Results and Impact Hannaliis Jaadla gave a presentation to the International Population Conference (online) in December 2021, entitled 'Continuity and change in spatial patterns inthe UK fertility: the case of London'. About 30 people attended.
Year(s) Of Engagement Activity 2021
 
Description Conference presentation: IPC Reid (2) 
Form Of Engagement Activity A talk or presentation
Part Of Official Scheme? No
Geographic Reach International
Primary Audience Professional Practitioners
Results and Impact Alice Reid gave a presentation to the International Population Conference (held online) entitled: Prenuptial sexual activity and marital fertility during the first demographic transition in Britain. About 30 people attended.
Year(s) Of Engagement Activity 2021
 
Description Conference presentation: SSHA Reid 
Form Of Engagement Activity A talk or presentation
Part Of Official Scheme? No
Geographic Reach International
Primary Audience Professional Practitioners
Results and Impact Alice Reid gave a presentation to the Social Science History Association (in the USA, but attended remotely), with the title: Fatal Places? A reanalysis of child mortality from the 1911 census of England and Wales. About 30 people attended.
Year(s) Of Engagement Activity 2021
 
Description LPSS conference (Schurer & Garrett) 
Form Of Engagement Activity Participation in an activity, workshop or similar
Part Of Official Scheme? No
Geographic Reach International
Primary Audience Professional Practitioners
Results and Impact Kevin Schurer organised 'The British Diaspora' LPSS (Local Population Studies Society) conference held virtually on 9/10/21.
Kevin Schurer and Eilidh Garrett presented a paper at the conference: '"You take the high road and I'll take the low road. Cross border migration in Great Britain, 1851-1901"
Approximate audience - 50 including 'delegates' from USA.
Year(s) Of Engagement Activity 2021
 
Description Mind over chatter podcast 
Form Of Engagement Activity A broadcast e.g. TV/radio/film/podcast (other than news/press)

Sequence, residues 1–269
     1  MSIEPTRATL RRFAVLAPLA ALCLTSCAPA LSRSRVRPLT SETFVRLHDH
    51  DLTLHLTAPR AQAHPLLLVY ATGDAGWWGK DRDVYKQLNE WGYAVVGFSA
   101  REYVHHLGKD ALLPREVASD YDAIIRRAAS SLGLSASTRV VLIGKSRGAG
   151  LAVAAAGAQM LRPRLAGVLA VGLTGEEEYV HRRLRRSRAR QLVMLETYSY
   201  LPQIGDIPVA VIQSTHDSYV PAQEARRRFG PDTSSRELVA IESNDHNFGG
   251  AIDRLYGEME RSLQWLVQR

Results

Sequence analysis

Part Of Official Scheme? No
Geographic Reach International
Primary Audience Public/other audiences
Results and Impact Alice Reid took part, as one of three experts, in a podcast: What is the future of reproduction?, part of the Mind Over Chatter podcast series run by the University of Cambridge. This was released on 16th April 2021.
Year(s) Of Engagement Activity 2021
URL https://mind-over-chatter.captivate.fm/episode/what-is-the-future-of-reproduction
 
Description Podcasts co-created with schools 
Form Of Engagement Activity A broadcast e.g. TV/radio/film/podcast (other than news/press)
Part Of Official Scheme? No
Geographic Reach National
Primary Audience Public/other audiences
Results and Impact We co-created 3 podcasts with year 8 students from two comprehensive schools in South Wales, and released them to coincide with the census of England and Wales 2021. They are available from the PopulationsPast.org website and the Geography Department, University of Cambridge YouTube channel. So far, together, they have been downloaded nearly 9000 times.
Year(s) Of Engagement Activity 2021
URL https://www.populationspast.org/resources/
 
Description Press release re schools project 
Form Of Engagement Activity A press release, press conference or response to a media enquiry/interview
Part Of Official Scheme? No
Geographic Reach International
Primary Audience Public/other audiences